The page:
DALLAS – Just short of twelve months after slamming his Capco Contractors Top Fuel dragster into the guardwall at the Texas Motorplex at more than 320 miles per hour, in essence destroying his car and his chances of winning NHRA Championship, Steve Torrence finally won on his home track to the delight of friends, family and a partisan crowd.
The 35-year-old Kilgore resident beat close friend and fellow Top Fuel independent Terry McMillen in the final round of the 33rd annual AAA Texas Fall Nationals and, in so doing, opened up a 103-point lead halfway through the Countdown to the Championship.
“We were just here to go rounds,” Torrence said. “I don’t have a Top Fuel championship yet but I have a Top Alcohol Championship and the year that I won that, I won Dallas. So, we’ve been trying to get this done since 2010 (when he made his first Top Fuel appearance in the Fall Nationals).
“This is a check off my bucket list, to be able to come to Dallas with all my friends and family and everyone from Capco supporting us and finally win. I couldn’t be prouder.”
The NHRA moves on to the Carolina Nationals this weekend, but for just a few days, Torrence and company get to enjoy the Metroplex-area win.
“Last year, we didn’t get it done,” said the man who is just three races away from becoming the first in NHRA history to win series titles in both the Alcohol and Fuel divisions. “We ran into the wall. But this year we finally get that cowboy hat (awarded to winners of the Fall Nationals) and the party is going to be big tonight. These Capco boys are bad ass hombres and I’m just lucky to be the guy behind the wheel.”
It was the third straight win for Torrence but it was his first at a Texas track since he turned pro in 2006. Moreover, he stayed perfect for the year: eight final rounds, eight trips to the winners’ circle.
“I dropped the ball in the final,” Torrence said. “I was late on the Tree (the electronic ‘Christmas Tree’ starting system that flashes green to start each two-car race). I knew I was late. I could hear him the whole way but near the end there, I started reeling him in.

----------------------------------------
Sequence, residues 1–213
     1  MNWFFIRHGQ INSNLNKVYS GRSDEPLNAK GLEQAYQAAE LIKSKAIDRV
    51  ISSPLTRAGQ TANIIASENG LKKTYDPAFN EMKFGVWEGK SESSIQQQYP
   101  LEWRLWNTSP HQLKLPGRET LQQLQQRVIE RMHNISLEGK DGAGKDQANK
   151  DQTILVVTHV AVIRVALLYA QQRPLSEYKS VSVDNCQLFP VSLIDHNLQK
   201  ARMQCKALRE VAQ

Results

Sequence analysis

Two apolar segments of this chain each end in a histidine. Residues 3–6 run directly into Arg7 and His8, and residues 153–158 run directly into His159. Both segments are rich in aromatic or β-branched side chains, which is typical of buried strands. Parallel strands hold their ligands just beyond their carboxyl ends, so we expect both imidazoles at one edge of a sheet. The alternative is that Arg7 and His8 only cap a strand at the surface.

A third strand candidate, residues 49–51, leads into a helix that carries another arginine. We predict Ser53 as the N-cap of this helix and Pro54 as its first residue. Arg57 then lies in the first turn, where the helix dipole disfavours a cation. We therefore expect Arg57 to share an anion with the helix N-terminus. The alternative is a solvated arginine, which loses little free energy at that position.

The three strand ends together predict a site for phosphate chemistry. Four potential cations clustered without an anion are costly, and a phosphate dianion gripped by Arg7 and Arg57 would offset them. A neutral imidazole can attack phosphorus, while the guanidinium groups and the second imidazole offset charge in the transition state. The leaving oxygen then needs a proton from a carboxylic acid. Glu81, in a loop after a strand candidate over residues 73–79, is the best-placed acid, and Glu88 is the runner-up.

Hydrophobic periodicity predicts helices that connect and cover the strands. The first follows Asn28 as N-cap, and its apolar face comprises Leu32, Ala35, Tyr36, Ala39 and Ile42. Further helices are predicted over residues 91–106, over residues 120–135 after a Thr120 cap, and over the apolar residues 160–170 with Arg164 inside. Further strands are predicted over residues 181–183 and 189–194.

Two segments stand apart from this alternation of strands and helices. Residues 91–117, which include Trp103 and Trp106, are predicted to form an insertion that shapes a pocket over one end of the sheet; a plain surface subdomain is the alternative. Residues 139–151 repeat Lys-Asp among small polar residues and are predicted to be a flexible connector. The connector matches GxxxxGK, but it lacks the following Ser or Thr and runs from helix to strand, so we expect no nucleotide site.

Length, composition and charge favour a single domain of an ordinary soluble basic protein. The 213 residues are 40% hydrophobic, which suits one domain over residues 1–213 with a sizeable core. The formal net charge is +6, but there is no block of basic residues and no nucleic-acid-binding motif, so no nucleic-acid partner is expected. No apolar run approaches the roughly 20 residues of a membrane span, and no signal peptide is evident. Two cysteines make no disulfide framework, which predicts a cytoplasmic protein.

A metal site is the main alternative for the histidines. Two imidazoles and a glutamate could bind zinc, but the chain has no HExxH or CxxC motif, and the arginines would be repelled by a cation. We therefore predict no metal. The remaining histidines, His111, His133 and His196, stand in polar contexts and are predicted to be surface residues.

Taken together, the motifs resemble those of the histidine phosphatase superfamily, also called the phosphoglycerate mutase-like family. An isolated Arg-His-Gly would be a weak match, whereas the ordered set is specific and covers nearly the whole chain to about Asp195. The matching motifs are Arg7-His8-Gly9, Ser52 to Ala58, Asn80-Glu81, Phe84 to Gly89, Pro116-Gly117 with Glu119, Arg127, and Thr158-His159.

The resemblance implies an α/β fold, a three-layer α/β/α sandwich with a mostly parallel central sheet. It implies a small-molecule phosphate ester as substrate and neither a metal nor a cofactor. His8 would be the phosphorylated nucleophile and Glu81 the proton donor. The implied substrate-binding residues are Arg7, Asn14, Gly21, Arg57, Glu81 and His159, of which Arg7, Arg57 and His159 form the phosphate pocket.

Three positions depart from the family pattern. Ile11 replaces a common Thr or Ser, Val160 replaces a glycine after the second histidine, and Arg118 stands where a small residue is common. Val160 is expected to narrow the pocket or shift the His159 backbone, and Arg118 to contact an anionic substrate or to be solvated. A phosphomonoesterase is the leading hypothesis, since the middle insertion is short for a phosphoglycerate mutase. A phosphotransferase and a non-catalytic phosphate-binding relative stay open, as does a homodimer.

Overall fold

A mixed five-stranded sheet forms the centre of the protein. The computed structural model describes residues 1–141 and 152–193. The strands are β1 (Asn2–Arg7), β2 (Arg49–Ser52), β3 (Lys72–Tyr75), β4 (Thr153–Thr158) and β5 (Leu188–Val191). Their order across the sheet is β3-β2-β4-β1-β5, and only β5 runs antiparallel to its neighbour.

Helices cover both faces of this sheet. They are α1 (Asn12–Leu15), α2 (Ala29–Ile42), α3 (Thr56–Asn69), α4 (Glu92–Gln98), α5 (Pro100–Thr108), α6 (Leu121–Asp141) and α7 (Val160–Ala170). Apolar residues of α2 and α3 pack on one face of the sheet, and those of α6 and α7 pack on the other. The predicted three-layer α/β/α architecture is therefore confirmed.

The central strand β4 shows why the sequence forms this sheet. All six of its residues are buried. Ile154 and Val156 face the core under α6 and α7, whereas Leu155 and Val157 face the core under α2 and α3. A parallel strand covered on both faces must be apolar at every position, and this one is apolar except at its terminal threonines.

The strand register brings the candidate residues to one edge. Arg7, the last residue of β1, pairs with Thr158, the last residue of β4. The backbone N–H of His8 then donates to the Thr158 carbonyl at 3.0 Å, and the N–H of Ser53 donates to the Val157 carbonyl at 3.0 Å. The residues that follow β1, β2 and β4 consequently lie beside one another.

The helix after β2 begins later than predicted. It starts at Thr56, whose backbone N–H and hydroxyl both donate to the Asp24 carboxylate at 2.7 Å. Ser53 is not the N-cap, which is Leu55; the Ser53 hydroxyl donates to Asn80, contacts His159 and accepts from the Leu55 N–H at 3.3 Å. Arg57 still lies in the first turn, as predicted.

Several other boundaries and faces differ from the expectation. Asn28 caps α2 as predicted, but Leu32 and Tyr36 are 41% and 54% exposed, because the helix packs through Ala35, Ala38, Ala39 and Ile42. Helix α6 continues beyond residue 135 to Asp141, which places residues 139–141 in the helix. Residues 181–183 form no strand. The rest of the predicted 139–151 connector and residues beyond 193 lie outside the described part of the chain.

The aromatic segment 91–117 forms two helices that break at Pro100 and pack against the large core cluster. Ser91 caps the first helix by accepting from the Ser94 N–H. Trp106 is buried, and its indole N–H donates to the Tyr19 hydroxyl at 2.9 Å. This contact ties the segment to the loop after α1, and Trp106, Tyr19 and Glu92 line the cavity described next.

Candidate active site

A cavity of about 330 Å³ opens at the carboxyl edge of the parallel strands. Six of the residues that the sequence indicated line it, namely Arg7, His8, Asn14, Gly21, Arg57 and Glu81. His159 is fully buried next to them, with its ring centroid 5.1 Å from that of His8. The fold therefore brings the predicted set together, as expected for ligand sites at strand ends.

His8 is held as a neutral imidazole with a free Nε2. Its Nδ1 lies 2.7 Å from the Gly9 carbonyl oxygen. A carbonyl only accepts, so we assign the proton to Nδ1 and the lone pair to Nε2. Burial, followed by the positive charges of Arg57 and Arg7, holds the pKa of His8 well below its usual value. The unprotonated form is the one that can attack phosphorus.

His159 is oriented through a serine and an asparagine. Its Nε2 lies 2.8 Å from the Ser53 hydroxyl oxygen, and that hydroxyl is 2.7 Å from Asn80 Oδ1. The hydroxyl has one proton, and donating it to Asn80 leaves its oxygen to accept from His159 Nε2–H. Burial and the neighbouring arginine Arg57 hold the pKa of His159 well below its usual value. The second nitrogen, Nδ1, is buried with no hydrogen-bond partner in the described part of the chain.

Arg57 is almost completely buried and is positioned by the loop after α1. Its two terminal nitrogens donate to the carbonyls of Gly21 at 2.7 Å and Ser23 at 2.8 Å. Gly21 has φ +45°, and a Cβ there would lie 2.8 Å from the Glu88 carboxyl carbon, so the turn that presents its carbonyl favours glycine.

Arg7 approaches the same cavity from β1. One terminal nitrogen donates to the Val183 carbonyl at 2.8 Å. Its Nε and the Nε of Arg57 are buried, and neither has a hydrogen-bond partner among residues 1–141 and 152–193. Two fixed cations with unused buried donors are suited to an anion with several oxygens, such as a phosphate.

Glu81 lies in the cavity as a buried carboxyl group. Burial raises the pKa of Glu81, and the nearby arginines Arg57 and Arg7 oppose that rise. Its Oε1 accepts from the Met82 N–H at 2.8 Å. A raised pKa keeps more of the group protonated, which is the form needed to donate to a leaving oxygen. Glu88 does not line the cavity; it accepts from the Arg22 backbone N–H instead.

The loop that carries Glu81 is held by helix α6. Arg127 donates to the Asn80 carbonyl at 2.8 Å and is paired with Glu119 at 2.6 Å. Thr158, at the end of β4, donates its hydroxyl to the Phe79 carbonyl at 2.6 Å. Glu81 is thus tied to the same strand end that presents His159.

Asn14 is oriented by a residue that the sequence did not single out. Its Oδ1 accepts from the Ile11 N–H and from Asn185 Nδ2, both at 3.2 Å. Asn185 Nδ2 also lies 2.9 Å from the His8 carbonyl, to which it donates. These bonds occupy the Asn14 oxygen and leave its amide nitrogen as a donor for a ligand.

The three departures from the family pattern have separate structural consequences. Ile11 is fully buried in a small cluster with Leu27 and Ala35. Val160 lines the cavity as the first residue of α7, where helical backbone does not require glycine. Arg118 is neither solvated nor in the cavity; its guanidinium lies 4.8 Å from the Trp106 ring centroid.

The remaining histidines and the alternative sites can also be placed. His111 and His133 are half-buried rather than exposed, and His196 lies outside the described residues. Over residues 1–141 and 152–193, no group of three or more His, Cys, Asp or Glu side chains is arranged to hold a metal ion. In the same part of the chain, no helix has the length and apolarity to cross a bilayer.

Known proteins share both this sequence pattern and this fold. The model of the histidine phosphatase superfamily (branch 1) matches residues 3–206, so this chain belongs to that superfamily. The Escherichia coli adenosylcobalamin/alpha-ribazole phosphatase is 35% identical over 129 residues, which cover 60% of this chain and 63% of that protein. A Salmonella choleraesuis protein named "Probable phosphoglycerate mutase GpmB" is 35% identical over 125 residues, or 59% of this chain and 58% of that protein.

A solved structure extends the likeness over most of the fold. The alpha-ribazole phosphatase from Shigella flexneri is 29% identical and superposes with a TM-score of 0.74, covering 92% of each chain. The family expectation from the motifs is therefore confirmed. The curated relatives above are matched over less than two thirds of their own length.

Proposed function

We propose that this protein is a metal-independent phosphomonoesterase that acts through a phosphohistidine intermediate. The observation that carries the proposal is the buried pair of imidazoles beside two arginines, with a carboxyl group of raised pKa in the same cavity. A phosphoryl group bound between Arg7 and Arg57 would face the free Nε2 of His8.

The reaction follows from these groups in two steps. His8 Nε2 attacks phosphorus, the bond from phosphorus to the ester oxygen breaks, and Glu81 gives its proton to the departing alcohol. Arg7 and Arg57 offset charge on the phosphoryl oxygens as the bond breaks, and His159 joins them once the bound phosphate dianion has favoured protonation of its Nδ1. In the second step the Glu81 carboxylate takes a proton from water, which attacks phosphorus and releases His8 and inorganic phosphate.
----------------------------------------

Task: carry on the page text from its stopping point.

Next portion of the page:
“These Capco guys, I can’t say enough about them. Every one of them, they’ve got my back. When you go up there knowing that you can slap the biggest guy in the bar and probably come out unscathed, it makes you feel good. Honestly, that’s the mindset I have. If I go up there and just do my job, I know I have a race car that can win every time.
“That’s really taken the pressure off. I had fun during the regular season, but now it’s ‘Katy, bar the door.’ We’re here to take care of unfinished business. We felt like we got robbed last year (losing the championship to Brittany Force on the final day of the season) and we’re doing everything we possible van to not let that happen (again). At the end of the day, we’re just going to continue to try to do the best job that we can and let the good Lord handle the rest.
For the third time in as many Countdown events, Torrence started his day against Bill Litton, whom he dispatched with a 3.764 second effort that, surprisingly, wasn’t good enough to get lane choice for a round two match with Blake Alexander.
Nevertheless, he took care of Alexander and then sent eight-time series champ Tony Schumacher home in the semifinals before lining up against McMillen, the reigning U.S. Nationals champion, for the first time ever in a final round.
“The best thing about all of this is there were two independent cars in the final today,” Torrence said. “(and) there were two independent cars in the last final (two weeks ago at St. Louis, Mo.). These big multi-car teams aren’t the powerhouse that they once were and that gives hope to other people.
“Some people don’t like the track prep,” Torrence said of NHRA’s controversial decision this year to reduce the amount of attention paid to traction enhancement. “I don’t really have an opinion one way or the other, but I think it’s leveled the playing field quite a bit.
“Terry and his guys have worked really hard and of late they’re having some success and I’m happy to see that. Terry’s a good guy and when I leaned in his car there at the end, his son Cameron was in there crying. That broke my heart. I felt so bad that I wanted to give him the trophy, but I told him, ‘it’s okay, your dad did an absolute good job. That’s just the way it goes sometimes. He’ll have a lot more chances.’”
The win, Torrence’s 16th in the last 40 tour events, was extra special because it came a week after crew chief Richard Hogan underwent a successful procedure to correct an irregular heartbeat that had put him down on power most of the season.
“(He) texted me earlier in the week and said, ‘I guess I really didn’t realize how bad I did feel,’” Torrence said, “but he’s feeling really a lot better now. I can’t say enough about that guy. I put all my faith in him in 2011 when we got started (with Torrence Racing) and now he’s got us close again to winning this championship.”